Last week, in the 1 Big Secret to Good Behaviour, I looked at how habit is at the heart of good behaviour in schools. Students, particularly those from the most challenging backgrounds, suffer from depletion of their self-control. Each bit of stress they face, every time they resist temptation or make a challenging decision, their ability to deal with the next challenge diminishes. This means that sometimes they just don’t have the self-control to delay gratification and make good decisions.
Habit is the solution to this problem. Habits bypass decision-making and go straight to action. Regardless of the state of self-control, habits get to work and manage your behaviour.
Classroom habits that stick
Good behaviour in lessons is largely about classroom habits. Classroom habits govern all those routines and behaviours you want students to display in the room, such as entry and exit routines, holding whole class discussions, listening to explanations, using mini-whiteboards, etc. I’ve recently been working to add habits for silent work and practising grit to the mix as well. But it doesn’t matter what the habit is, if you want it to stick, you need to set it up right. Here are 7 keys to doing just that.
1. Plan meticulously
And I mean meticulously. This is where you shape the routine of the habit cycle (see this post if that’s unfamiliar). Vague plans let unintended behaviours creep into the routine. A meticulous plan gives you complete control. Here’s an example of a vague plan for an exit routine:
- Complete exit question on exit card
- Close folder, put pencil case, planner and homework in bag
- Put folders in the cupboard
- Stand behind chairs
- Dismissed table by table
This is a meticulous plan:
- Three minutes to complete exit question in silence. Timer projected on the board.
- At the end of the timer: close folder, put pencil case, planner and homework in bag. Sit upright and wait.
- Once the whole table is ready, teacher instructs tables (one at a time) to put folders in the cupboard.
- Return and stand behind chairs silently.
- Teacher dismisses table by table.
Map out your transitions: know whether they happen automatically or whether an instruction is required.
Plan your environment: know if you’re expecting silence, quiet or talking.
Prepare your red lines: know what behaviour is breaking the routine so it can be challenged immediately.
2. Design the cue
What is going to prompt students into this routine? A cue doesn’t have to be complicated, but it does need to be consistent. If you’re going to rely on a verbal cue, make sure you use the same sentence or phrase every time. Better still, incorporate other aspects of the environment into your cue. Think about the physical elements – for example, always standing in the same place, or including an action like opening the door, or closing your laptop lid. Visual elements can also be useful. Before using mini-whiteboards I have a slide with a picture of a whiteboard and a 15 second countdown. The more immersive the cue, the more clearly it will be heard.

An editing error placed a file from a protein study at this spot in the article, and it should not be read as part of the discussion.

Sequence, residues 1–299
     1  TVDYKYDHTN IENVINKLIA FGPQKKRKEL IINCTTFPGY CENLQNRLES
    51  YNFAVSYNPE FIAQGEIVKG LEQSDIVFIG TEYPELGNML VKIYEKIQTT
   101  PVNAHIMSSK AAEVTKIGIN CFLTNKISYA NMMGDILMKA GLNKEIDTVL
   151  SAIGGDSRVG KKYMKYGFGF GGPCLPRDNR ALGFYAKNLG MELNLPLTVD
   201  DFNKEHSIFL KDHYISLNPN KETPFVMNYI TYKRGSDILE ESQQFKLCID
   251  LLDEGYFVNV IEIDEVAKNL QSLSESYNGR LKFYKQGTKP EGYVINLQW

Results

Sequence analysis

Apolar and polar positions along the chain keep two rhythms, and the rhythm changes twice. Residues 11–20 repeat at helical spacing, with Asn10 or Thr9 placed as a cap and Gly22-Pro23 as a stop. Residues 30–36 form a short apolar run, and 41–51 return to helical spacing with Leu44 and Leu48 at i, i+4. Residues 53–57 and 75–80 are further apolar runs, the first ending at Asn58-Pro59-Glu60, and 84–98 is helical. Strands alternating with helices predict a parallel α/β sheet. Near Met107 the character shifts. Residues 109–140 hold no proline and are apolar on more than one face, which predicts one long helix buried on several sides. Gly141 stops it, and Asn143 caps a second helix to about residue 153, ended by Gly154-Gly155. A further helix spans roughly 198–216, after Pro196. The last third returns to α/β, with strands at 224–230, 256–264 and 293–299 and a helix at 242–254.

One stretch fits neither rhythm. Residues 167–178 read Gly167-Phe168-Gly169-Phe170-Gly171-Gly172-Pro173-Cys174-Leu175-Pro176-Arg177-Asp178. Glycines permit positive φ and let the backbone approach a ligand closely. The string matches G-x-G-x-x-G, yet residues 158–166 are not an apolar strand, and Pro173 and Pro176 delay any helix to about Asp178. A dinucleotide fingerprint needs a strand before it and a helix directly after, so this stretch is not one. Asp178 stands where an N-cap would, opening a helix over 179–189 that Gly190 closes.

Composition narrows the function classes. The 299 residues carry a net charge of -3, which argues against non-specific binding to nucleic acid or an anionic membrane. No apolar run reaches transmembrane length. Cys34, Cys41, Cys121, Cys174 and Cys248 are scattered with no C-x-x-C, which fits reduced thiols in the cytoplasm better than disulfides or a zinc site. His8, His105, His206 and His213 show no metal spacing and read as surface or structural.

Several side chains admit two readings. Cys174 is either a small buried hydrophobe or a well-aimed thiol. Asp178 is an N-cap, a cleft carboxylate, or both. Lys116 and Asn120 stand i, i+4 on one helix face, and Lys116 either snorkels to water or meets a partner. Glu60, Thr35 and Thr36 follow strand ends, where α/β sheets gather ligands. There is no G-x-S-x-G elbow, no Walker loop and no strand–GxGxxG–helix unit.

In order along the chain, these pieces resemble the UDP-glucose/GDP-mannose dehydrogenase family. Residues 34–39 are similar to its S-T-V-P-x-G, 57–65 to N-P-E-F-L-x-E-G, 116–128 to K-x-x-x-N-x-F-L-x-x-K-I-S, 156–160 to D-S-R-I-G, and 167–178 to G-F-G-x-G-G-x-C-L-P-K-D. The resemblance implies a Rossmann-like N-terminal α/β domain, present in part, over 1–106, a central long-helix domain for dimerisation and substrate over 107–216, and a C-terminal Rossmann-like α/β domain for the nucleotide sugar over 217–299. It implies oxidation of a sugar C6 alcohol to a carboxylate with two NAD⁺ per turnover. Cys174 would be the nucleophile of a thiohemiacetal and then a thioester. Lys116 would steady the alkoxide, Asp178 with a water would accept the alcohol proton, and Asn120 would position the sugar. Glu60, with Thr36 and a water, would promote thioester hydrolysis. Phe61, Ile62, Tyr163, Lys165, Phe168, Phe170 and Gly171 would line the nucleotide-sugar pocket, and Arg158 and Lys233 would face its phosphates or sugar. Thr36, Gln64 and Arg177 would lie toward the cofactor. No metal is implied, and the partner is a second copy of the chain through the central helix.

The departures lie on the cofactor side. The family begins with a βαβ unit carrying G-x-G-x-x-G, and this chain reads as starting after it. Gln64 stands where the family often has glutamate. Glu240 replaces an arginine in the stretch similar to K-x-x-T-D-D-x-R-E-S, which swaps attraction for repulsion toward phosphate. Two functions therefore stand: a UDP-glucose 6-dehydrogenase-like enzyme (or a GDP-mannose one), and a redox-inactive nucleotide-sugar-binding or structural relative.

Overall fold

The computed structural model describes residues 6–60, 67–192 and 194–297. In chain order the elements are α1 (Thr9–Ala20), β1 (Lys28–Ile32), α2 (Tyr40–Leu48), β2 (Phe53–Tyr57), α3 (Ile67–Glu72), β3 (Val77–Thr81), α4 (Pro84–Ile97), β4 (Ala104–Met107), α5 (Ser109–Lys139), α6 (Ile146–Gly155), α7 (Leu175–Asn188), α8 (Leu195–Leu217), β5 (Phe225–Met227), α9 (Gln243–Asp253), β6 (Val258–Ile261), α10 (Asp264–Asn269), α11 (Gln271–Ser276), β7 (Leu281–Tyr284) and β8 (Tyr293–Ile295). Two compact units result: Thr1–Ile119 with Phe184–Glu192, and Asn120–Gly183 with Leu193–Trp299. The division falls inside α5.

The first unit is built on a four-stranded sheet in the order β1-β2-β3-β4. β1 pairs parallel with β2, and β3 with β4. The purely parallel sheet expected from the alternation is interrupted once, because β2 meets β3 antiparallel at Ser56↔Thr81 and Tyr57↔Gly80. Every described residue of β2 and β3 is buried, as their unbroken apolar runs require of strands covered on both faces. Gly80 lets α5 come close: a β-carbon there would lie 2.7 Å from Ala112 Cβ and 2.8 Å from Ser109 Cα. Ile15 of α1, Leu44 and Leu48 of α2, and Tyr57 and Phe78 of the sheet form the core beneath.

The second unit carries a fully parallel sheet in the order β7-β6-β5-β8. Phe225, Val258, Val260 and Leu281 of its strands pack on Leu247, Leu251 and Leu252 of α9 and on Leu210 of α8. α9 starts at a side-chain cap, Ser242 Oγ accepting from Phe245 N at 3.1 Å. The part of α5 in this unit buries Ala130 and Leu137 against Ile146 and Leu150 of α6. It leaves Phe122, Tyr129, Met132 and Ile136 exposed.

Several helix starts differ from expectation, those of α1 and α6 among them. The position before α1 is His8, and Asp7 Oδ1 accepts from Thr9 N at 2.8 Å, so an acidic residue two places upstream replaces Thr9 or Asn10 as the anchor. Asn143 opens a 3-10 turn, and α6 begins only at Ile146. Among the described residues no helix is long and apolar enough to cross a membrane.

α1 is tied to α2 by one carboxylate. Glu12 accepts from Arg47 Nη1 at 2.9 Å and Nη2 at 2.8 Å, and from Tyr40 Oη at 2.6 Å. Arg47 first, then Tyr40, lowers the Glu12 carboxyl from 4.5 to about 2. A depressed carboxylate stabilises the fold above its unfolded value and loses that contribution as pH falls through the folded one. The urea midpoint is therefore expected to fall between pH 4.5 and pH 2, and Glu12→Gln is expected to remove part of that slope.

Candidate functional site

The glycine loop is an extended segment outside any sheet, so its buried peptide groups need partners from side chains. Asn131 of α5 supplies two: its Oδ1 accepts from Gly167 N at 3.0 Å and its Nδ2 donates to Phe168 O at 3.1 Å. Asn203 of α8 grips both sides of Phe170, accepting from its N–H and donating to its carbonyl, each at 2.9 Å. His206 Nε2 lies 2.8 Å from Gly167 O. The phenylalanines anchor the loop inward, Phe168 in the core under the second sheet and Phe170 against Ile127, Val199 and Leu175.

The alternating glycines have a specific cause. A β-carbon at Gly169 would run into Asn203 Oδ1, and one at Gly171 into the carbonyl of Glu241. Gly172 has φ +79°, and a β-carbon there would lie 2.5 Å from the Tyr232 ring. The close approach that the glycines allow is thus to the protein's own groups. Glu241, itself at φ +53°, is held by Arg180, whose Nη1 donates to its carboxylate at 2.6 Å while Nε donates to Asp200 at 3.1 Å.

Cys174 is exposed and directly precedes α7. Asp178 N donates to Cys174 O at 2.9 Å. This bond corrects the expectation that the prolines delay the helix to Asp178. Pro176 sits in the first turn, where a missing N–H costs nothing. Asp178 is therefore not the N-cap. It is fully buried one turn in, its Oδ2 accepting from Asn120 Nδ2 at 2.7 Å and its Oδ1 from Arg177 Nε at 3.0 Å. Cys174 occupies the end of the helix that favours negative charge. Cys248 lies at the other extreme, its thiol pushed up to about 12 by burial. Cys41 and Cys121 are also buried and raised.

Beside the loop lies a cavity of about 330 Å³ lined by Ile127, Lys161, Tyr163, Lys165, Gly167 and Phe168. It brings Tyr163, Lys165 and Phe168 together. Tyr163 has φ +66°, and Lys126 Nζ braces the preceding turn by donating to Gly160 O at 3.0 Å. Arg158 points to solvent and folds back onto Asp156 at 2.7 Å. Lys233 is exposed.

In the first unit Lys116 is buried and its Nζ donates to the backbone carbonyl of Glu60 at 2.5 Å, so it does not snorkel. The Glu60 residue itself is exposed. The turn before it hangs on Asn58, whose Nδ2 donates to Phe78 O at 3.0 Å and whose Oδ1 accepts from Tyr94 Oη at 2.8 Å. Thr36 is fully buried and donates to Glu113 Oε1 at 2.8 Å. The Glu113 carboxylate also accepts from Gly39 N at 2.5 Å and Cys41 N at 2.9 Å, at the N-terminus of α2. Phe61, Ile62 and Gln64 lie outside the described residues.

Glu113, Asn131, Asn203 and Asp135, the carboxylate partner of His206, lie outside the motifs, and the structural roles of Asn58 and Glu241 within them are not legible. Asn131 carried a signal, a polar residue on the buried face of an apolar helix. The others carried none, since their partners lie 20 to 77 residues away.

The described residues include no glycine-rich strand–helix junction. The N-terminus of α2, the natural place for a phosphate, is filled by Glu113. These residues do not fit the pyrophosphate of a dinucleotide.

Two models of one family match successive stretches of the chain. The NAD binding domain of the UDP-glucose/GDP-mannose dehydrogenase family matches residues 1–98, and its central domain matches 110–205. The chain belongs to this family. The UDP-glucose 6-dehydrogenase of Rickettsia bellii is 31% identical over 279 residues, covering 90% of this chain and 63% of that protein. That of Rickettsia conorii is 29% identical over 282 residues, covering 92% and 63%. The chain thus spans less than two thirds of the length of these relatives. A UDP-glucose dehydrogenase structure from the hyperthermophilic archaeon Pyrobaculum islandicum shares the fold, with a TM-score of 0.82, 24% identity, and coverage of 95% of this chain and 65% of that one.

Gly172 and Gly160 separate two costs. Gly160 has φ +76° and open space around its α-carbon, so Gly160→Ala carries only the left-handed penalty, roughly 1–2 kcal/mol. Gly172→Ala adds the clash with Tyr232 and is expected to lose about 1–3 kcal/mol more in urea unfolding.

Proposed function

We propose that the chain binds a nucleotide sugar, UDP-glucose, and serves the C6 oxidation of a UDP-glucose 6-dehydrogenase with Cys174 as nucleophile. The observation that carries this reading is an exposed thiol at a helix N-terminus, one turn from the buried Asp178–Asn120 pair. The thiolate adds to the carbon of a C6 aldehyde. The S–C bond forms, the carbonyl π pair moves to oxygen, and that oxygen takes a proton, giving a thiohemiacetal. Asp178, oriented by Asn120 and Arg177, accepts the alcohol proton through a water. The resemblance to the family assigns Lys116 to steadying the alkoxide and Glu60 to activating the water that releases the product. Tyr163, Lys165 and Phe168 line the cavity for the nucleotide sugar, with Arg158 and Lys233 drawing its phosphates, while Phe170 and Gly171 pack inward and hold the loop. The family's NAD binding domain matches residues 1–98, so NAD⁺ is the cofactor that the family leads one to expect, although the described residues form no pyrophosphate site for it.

3. Design the reward
What happens at the end of your routine? The reward is just as important as the cue for making a habit stick. A reward doesn’t need to be significant, but it does need to be reliable. A good exit routine could end with:
“Have a great afternoon, and thank you for working so well on those exit questions. Now I know what your best work on this topic looks like I can make sure your next lesson is designed right for you.”
Recognising that the routine was completed well and reminding students of its benefits will often be enough.
4. Teach it
Students won’t get the habit by osmosis, they need to be taught. Set aside some classroom time to explain the cue, routine and reward. Explain the rationale (helps with the reward later on), and all the steps you meticulously planned. Know that students won’t remember all the steps the first time, so have them written up as a guide and gradually remove them over time.
5. Practise to consistency
This is for both you and the students! Students will need some practice when you first teach the routine; enough to be able to follow it next lesson with a bit of prompting. Build practice time into lessons until the habit is embedded and the routine becomes automatic. This is a necessary and worthwhile investment. Time invested at this stage will save much more time later as your class runs smoother, behaving perfectly out of habit.
You’ll need to practice as well. Practise your cue so that it as consistent as possible. Mentally rehearse the classroom situation so that you know exactly what you are expecting. Think up situations where the routine goes wrong and rehearse your response. Your behaviour needs to be as reliable as possible for the habit to stick. An Assistant Head once told me that you can get students to do absolutely anything, as long as you ask and enforce consistently. They were right!
6. Do It Again
This is one of Doug Lemov’s top techniques from Teach Like a Champion. If students haven’t followed the routine properly, get them to Do It Again until they get it right. As soon as you allow some sloppiness into the routine, you’ll let sloppiness into the habit. Your meticulous plan needs to be followed to the letter every time, otherwise it just won’t stick.
7. Don’t give up
Do not give up on a habit because it doesn’t work at the start. Research suggests that habits take anywhere from 18 to 254 days to form – with the average taking 66 days. Easy habits take the least amount of time, but we’re still looking at a good few weeks. As a rule of thumb, you should wait at least a half term before adjusting something because “it’s not working”. You’ve probably just not had enough practise.
Joe Kirby on using habits to build school ethos
Charles Duhigg (author of The Power of Habit) on how habits work
Doug Lemov on academic habits
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